It is said that the collector did not purport to impose the duties here involved, by virtue of or under the authority of said Joint Resolution No. 59, but under said resolution and said section 319 of the Tariff Act of 1930. It is strange logic to me that because the collector claimed to impose a duty under two separate provisions, therefore he did not do it "under or by authority of such Joint Resolution," as expressed in the ratifying act. It is obvious that the collector imposed the duties under the authority of said joint resolution, being of the opinion that the same had been fully legalized by said section 319. As a matter of law, Joint Resolution No. 59, proceeding from the Legislature of Puerto Rico, was the only source of his authority. He could not levy duties under said section 319. This section only authorized the Legislature to act. His authority must come from the Legislature of Puerto Rico.

    It follows that the collector acted under and by authority of said Joint Resolution No. 59. It likewise follows that the "collection of all such taxes and duties made by or under" its authority, were "legalized, ratified, and confirmed as fully to all intents and purposes as if the same had, by prior Act of Congress, been specifically authorized and directed." Act of June 18, 1934 (19 USCA § 1319a). This, the Congress clearly had the right to do. United States v. Heinszen & Co., 206 U.S. 370, 390, 27 S. Ct. 742, 51 L. Ed. 1098, 11 Ann. Cas. 688; Rafferty v. Smith, Bell & Co., 257 U.S. 226, 42 S. Ct. 71, 66 L. Ed. 208.

    I conclude what I have to say with this brief excerpt from the opinion of the Supreme Court, as expressed by Mr. Justice Woodbury in Marriott v. Brune et al., 9 How. 619, 634, 635, 13 L. Ed. 282:

    "* * * Their design is, of course, to protect the revenue from evasions, and the policy of the courts is the same, when deciding how the laws ought to be executed on these subjects.

    "But as Congress wishes to foster an honest and honorable commerce by its laws, no less than obtain revenue, it is neither the true policy nor right of Departments or of courts, nor is it presumed to be their desire, to thwart the views of Congress, or embarrass mercantile business, when not attended by equivocation and fraud, or to throw doubts and difficulties over the liberal course proper to be pursued generally towards the community in any branch of trade.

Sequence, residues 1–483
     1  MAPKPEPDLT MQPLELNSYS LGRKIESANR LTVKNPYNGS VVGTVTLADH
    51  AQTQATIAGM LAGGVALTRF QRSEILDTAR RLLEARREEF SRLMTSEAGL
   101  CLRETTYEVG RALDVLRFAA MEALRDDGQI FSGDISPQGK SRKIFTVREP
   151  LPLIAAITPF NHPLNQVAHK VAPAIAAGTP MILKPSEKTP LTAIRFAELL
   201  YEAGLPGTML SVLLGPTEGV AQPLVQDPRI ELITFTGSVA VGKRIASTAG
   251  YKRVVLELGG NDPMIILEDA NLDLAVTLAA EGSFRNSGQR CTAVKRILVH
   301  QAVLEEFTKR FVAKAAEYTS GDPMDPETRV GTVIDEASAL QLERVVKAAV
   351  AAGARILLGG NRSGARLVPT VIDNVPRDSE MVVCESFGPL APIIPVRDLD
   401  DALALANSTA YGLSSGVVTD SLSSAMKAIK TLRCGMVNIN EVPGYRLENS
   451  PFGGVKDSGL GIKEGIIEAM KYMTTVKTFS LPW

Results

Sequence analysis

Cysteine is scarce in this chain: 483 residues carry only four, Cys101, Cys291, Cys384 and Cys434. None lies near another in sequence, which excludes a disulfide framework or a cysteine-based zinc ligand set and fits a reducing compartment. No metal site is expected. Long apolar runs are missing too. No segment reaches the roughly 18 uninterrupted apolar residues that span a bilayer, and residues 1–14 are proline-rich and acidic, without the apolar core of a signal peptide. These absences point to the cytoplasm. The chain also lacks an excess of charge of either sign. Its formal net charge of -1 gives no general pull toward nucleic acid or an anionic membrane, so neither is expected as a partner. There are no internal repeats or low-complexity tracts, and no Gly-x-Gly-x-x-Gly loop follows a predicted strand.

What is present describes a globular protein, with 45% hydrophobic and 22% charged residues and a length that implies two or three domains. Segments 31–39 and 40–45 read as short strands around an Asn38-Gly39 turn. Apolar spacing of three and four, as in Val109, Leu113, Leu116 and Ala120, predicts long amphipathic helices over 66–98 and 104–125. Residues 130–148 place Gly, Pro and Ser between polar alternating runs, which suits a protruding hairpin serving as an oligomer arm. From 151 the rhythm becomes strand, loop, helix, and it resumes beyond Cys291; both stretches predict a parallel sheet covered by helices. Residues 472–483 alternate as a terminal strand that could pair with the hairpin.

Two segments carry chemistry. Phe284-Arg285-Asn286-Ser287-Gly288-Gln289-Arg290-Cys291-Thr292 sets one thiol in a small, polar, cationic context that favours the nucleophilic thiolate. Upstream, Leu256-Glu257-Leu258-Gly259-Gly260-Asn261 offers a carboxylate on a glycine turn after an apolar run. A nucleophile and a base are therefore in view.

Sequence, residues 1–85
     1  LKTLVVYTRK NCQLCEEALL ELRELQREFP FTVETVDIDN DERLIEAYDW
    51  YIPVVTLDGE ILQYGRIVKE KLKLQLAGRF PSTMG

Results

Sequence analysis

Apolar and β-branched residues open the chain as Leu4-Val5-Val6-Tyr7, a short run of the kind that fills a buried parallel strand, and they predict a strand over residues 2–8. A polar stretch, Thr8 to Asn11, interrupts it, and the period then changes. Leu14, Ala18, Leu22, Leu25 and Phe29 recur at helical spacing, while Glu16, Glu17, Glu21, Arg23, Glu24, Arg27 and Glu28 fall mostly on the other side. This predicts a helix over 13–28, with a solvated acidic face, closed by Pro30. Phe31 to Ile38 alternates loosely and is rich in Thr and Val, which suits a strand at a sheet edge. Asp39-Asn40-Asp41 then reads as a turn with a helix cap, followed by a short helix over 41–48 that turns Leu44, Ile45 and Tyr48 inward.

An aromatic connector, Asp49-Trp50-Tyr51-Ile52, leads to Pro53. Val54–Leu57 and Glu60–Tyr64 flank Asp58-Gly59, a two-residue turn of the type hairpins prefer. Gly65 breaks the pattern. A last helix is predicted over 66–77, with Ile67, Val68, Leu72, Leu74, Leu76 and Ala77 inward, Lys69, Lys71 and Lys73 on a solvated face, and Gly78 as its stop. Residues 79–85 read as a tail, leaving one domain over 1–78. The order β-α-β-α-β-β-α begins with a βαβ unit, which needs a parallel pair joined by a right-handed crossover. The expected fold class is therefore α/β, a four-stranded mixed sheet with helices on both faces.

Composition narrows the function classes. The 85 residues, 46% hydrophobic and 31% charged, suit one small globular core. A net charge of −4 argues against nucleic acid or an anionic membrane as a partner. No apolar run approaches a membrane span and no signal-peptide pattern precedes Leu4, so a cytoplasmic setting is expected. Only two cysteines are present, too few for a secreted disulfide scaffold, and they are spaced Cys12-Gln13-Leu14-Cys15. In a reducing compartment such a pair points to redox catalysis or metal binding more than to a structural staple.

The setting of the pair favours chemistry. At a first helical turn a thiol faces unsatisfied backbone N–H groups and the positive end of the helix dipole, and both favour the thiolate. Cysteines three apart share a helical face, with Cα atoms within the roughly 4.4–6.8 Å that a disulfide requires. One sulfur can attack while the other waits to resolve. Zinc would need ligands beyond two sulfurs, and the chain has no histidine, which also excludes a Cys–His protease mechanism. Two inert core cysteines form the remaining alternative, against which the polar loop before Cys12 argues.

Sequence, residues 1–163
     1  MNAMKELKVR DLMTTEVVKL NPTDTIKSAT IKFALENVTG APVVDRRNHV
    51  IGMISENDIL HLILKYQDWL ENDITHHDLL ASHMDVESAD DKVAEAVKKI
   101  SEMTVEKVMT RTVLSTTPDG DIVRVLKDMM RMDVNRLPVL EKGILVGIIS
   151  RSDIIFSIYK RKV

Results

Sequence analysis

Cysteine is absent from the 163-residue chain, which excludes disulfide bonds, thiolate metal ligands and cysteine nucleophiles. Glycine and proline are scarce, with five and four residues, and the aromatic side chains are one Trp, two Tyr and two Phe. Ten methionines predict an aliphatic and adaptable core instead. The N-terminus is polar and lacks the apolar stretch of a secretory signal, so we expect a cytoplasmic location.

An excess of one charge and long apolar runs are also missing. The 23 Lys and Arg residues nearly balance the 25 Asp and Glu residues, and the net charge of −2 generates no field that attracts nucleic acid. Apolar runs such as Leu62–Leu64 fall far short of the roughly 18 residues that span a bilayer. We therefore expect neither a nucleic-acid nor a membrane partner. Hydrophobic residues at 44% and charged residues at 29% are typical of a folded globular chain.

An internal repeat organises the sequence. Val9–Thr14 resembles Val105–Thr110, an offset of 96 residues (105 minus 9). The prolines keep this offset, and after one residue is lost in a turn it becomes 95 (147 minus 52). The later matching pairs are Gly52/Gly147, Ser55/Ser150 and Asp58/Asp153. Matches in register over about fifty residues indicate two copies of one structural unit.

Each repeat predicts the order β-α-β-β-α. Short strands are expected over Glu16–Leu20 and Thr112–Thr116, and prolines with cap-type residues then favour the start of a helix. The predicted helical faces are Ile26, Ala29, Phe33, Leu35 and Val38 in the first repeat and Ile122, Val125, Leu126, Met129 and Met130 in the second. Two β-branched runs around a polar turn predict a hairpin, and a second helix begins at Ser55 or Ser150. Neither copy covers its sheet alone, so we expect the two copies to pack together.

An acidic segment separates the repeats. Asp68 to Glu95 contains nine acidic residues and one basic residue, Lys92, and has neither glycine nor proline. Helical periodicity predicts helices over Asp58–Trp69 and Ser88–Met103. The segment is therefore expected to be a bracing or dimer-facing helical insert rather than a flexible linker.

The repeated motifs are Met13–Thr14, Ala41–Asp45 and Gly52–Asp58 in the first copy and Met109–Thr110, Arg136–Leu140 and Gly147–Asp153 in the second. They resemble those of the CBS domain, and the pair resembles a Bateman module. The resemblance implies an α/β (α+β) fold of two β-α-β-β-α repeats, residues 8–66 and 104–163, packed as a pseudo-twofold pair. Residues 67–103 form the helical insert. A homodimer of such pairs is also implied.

"Thinking, then, as we do, that making this deduction is not only the legal, but the more reasonable and liberal course, it has our full approbation."

    I admit it is possible to come to the conclusion reached by the majority. However, in doing so, we must adopt a technical and inflexible construction, which leads us to an unintended and unnecessary result. I incline to a more liberal view which would lead to a conclusion in harmony with the expressed congressional intent, and which is entirely in conformity with well-settled rules of judicial construction. The judgment of the trial court should be affirmed.

    BLAND, Associate Judge, concurs in this dissent.

Document Info

DocketNumber: Customs Appeal No. 3666

Citation Numbers: 76 F.2d 605

Judges: Graham, Presiding Judge, and Bland, Hatfield, Garrett, and Lenroot, Associate Judges

Filed Date: 4/19/1935

Precedential Status: Precedential

Modified Date: 3/3/2016

Authorities (35)

The Apollon. , 22 U.S. 362 ( 1824 )

Marriott v. Brune , 50 U.S. 619 ( 1850 )

Woodruff v. Parham , 75 U.S. 123 ( 1869 )

National Bank v. Matthews , 98 U.S. 621 ( 1879 )

Brown v. Houston , 114 U.S. 622 ( 1885 )

Hartranft v. Wiegmann , 121 U.S. 609 ( 1887 )

Hartranft v. Oliver , 125 U.S. 525 ( 1888 )

American Net & Twine Co. v. Worthington , 141 U.S. 468 ( 1891 )

Church of Holy Trinity v. United States , 143 U.S. 457 ( 1892 )

Pittsburg & Southern Coal Co. v. Louisiana , 156 U.S. 590 ( 1895 )

Patapsco Guano Co. v. North Carolina Bd. of Agriculture , 171 U.S. 345 ( 1898 )

De Lima v. Bidwell , 182 U.S. 1 ( 1901 )

Dooley v. United States , 182 U.S. 222 ( 1901 )

Downes v. Bidwell , 182 U.S. 244 ( 1901 )

Dooley v. United States , 183 U.S. 151 ( 1901 )

Lawder v. Stone , 187 U.S. 281 ( 1902 )

Swan & Finch Co. v. United States , 190 U.S. 143 ( 1903 )

Hawaii v. Mankichi , 190 U.S. 197 ( 1903 )

Dorr v. United States , 195 U.S. 138 ( 1904 )

Rassmussen v. United States , 197 U.S. 516 ( 1905 )

View All Authorities »